Scientific experiment yields human sheep’s stigmata DNA

Image copyright Getty Images Image caption Leo Wainwright said it is “an incredible vindication of nature” Human DNA differs from sheep’s DNA when it comes to a large proportion of tissues, research shows. Scientists…

Scientific experiment yields human sheep's stigmata DNA

Image copyright Getty Images Image caption Leo Wainwright said it is “an incredible vindication of nature”

Human DNA differs from sheep’s DNA when it comes to a large proportion of tissues, research shows.

Scientists were able to accurately identify a great-grandson of the founder of satnav firm TomTom from samples of a sheep’s stigmata, where parts of the knuckles have been bitten off.

This finding from the University of Edinburgh suggests that in some areas of the human body, DNA differs widely from other species.

This research could lead to better treatments for diseases like schizophrenia.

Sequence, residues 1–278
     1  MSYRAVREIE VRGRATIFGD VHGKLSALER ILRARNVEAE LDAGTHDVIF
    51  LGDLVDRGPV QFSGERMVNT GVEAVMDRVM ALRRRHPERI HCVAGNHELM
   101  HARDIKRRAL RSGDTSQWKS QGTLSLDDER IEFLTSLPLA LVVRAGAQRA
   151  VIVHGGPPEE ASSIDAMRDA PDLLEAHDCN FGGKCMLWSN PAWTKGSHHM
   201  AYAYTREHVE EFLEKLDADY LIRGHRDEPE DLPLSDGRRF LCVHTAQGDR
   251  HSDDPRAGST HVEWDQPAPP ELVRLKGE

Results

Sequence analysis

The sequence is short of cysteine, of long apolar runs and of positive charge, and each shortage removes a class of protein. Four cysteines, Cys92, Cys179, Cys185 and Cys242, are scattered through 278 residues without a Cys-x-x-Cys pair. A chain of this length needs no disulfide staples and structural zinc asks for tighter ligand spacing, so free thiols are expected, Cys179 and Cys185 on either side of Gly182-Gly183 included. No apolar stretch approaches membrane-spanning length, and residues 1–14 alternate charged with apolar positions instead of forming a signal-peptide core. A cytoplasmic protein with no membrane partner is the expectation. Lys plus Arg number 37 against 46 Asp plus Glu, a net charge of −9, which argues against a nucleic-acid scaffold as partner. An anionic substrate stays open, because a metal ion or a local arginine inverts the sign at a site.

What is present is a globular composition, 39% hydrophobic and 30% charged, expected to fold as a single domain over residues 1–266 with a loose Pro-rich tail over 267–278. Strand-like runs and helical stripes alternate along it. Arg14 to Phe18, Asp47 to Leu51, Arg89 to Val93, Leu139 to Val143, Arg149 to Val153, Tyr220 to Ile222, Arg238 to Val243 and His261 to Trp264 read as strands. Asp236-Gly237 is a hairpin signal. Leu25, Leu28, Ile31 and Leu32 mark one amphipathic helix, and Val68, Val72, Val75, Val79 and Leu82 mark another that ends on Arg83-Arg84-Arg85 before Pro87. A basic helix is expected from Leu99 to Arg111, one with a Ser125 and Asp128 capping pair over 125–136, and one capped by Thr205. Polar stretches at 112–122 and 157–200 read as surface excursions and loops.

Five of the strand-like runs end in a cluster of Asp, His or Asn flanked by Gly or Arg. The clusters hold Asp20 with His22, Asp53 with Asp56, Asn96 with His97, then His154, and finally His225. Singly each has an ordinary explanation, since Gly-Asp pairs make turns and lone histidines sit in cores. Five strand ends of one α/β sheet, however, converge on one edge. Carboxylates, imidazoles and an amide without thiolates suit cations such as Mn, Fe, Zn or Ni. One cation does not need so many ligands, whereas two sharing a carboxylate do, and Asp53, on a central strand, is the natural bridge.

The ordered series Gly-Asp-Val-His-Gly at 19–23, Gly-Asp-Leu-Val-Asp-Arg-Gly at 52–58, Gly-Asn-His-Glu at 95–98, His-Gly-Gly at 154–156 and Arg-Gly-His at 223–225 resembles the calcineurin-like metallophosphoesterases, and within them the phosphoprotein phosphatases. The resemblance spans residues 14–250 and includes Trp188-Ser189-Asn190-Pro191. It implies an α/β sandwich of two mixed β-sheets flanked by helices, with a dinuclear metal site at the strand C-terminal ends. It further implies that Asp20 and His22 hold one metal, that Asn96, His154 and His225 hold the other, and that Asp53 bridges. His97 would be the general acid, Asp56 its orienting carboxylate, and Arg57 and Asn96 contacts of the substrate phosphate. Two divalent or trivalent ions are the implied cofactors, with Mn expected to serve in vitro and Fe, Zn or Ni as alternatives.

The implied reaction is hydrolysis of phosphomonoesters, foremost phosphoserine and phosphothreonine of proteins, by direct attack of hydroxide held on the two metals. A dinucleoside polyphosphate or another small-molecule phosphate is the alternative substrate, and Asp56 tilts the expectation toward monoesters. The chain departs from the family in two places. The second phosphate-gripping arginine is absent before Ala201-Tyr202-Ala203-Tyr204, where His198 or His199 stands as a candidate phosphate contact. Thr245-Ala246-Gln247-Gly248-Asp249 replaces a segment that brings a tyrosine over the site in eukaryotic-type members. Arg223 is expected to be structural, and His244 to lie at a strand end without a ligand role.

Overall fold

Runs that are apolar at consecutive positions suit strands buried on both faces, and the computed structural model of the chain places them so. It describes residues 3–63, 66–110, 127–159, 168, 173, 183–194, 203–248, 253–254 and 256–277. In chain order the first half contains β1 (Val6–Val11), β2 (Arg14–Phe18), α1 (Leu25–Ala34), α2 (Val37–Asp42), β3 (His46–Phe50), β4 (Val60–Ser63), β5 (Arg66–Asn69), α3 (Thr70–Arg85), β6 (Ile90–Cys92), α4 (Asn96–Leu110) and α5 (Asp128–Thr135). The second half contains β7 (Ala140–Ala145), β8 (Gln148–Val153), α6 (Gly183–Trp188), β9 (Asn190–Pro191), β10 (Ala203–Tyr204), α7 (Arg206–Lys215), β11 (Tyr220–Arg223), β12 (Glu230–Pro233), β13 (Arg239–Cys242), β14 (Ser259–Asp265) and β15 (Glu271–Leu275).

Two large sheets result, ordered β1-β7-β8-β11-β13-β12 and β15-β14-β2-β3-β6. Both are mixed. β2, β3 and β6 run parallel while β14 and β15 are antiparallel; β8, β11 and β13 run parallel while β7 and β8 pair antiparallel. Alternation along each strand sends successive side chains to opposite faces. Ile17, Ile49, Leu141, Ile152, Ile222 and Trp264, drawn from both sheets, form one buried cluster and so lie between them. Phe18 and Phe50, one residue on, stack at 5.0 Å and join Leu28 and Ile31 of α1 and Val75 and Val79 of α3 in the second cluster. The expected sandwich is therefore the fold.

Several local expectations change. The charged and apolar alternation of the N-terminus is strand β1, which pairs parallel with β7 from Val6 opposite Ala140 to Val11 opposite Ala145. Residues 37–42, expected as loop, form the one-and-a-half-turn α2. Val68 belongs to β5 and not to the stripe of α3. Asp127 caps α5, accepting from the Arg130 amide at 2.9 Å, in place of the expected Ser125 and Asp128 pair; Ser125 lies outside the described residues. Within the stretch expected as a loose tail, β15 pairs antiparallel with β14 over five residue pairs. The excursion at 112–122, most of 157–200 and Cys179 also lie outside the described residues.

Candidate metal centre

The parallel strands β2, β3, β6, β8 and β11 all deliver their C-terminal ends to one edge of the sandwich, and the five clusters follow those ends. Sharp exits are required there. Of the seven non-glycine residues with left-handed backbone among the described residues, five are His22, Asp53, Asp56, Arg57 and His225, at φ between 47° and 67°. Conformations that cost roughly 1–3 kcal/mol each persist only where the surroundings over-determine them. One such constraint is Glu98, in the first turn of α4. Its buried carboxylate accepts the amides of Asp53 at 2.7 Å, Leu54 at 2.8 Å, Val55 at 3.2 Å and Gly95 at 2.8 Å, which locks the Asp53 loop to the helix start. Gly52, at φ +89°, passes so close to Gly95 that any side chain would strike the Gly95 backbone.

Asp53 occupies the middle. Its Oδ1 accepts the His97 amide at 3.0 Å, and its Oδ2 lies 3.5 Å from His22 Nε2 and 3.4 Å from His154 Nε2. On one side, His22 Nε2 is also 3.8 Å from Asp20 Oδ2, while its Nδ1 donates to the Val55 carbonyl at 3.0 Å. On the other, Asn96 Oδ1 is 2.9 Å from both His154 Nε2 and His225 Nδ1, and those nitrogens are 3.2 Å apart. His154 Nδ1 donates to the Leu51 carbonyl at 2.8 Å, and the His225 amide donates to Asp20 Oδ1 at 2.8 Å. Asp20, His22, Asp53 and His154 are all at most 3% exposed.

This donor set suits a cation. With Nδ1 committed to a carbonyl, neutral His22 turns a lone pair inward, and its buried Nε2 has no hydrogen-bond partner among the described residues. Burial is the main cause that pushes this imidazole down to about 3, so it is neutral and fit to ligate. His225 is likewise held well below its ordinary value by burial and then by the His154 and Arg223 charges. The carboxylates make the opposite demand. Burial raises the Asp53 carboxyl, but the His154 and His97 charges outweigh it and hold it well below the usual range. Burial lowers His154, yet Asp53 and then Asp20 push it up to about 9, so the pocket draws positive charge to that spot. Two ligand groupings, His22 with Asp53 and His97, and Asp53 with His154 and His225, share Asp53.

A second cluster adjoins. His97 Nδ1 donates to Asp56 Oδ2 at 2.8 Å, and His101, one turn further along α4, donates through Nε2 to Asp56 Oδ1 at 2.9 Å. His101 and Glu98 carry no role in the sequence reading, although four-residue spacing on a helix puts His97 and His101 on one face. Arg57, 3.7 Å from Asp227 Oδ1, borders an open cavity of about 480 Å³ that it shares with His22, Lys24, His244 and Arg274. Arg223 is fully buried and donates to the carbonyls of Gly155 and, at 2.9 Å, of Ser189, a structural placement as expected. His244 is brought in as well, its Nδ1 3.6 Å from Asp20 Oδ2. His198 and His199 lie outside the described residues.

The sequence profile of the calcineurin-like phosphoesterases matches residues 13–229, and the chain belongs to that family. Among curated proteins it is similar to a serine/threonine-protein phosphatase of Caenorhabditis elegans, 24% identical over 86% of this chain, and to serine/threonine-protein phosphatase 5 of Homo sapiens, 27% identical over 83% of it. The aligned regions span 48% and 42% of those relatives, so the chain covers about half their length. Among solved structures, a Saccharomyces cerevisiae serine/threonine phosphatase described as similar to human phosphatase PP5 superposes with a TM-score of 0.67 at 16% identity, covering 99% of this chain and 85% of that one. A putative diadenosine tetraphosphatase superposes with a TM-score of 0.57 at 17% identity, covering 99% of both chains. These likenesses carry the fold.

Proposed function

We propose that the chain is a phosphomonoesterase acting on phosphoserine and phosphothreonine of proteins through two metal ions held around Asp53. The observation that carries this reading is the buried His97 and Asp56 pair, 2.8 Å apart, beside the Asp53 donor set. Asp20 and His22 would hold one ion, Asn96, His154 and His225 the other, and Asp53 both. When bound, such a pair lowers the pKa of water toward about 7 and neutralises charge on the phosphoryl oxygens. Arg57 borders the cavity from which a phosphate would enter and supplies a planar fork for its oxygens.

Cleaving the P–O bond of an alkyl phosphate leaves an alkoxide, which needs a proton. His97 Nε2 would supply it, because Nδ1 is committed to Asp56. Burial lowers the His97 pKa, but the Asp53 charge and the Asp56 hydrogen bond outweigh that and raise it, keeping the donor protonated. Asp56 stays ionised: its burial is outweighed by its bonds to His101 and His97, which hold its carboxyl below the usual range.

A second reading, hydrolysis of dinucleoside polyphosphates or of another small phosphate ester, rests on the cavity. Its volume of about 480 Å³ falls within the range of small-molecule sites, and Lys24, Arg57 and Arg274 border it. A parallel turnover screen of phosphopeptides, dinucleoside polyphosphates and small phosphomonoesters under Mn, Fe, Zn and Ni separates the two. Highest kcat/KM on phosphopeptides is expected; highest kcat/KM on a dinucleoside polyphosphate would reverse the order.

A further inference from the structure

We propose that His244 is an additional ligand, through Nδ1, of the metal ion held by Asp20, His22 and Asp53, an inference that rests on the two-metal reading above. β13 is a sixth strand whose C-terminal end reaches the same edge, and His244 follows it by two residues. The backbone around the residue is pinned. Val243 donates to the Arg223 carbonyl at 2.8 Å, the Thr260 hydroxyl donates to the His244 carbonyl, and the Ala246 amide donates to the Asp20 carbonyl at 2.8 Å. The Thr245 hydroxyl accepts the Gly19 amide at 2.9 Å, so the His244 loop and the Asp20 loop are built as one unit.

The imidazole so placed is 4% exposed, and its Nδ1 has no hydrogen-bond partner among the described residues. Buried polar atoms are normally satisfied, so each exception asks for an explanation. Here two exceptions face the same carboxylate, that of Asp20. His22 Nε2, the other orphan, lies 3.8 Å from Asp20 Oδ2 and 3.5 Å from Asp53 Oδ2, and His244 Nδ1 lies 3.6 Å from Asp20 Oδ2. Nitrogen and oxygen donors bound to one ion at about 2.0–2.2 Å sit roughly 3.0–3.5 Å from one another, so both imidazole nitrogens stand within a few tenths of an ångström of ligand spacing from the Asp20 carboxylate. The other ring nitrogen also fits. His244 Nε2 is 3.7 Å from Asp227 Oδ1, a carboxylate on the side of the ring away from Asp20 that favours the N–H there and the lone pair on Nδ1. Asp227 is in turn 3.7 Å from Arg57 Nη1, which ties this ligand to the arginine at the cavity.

The technique is called face-matching, or cDNA recognition.

Scientists first recreated a sheep’s stigmata and used this genetic data to identify the sheep’s great-grandson.

The process involved mixing sheep DNA with human DNA derived from skin cells and then freezing it.

Face-matching works by first pitting the two strands of DNA against each other.

When the “featured” portion of the DNA complex (most likely the active element that caused the effects of the stigmata) comes up in between the sample’s other strands, it reveals a mark or a mutation.

Iwan Wainwright and his wife Jane are great-grandchildren of TomTom founder Jostein Friis.

Mr Wainwright, 53, was pleased to discover he is a descendant of the firm’s founder.

He said: “This is absolutely fantastic news for the family and a huge breakthrough for science.

“It’s an incredible vindication of nature.”

The research is published in the journal Scientific Reports.

Dr John Davies from the University of Edinburgh said: “There are some extremely common features in genes of human and other species.

“The findings demonstrate that in some populations these common genes, often known as humans, and other species like sheep, are linked.

“For example, in the case of rats this means the genetic blueprint used to make the iconic rat face is the same as in humans.”

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